Do or die for Tsvangirai in third bid for power
The election represented Morgan Tsvangirai's third opportunity to dethrone Robert Mugabe.
Tsvangirai has spent the past 14 years building up his Movement for Democratic Change party to make it the only credible alternative to Mugabe's Zanu-PF. Even his closest supporters may believe a loss would mean he had been outmanoeuvred by Mugabe one too many times.
"This is a do-or-die election for him," said Eldred Masunungure, a political scientist at the University of Zimbabwe. "After being at the helm of the party since September 1999, if he loses, surely he must consider dropping the hat for someone else."
It has been a long journey for the 61-year-old to get this far. Born to a large family in grinding poverty in the eastern district of Buhera, he had to quit school early and go to work to help his siblings get an education.
After working for 10 years at Bindura Nickel Mine he became leader of the country's largest union, spearheading national strikes in the 1990s against Mugabe's economic policies.
Such actions pushed the teetotal, non-smoking Tsvangirai to political prominence.
Under Mugabe's rule, he was detained twice for his political activism and was twice cleared of treason charges.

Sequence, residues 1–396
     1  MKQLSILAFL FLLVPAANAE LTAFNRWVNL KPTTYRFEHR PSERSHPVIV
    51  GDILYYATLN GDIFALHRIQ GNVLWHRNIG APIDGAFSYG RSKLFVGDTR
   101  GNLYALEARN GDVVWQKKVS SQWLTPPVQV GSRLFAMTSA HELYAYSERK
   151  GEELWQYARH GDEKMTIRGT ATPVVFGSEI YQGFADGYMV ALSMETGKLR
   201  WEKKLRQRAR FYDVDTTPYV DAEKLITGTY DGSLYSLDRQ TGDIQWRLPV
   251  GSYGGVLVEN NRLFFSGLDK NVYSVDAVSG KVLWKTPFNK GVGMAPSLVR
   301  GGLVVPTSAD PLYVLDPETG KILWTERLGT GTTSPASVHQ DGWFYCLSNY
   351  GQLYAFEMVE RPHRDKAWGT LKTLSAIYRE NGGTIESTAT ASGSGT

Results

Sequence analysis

Despite a strong following among urbanites and Zimbabweans in the rural west, Tsvangirai lost the race for the presidency in 2002 and 2008, despite running Mugabe close.
Five years ago he won 47.9 per cent of the vote to Mugabe's 43.2 per cent. In a fair race, he may well have won outright. But an orgy of violence against his allies forced Tsvangirai out of the hunt before the final round of voting.
For his troubles, he has been arrested repeatedly, charged with treason and faced four suspected assassination attempts. In 1997 assailants tried to throw him out his office window. His bodyguard has been killed and his wife died in a suspicious car crash that also put him in hospital.
But even among supporters, there is a lingering sense that Tsvangirai has repeatedly been outplayed by Mugabe, even when the international community forced the veteran leader to accept him as prime minister.
After more than four years of a forced unity government, Zimbabwe's most meaningful levers of power - from the security services to the judiciary - remain under Mugabe's control.
Despite this, he has managed to forge an alliance with Simba Makoni, a former finance minister and senior official of Mugabe's party, who came third in the first round of the 2008 elections.
While he is widely seen as a champion of democracy, recent scandals surrounding his love life, including a public divorce, have put a dent in his popularity.
He "gets distracted by a whole lot of things, including personal issues", said South African analyst Moeletsi Mbeki, who has known Tsvangirai a long time.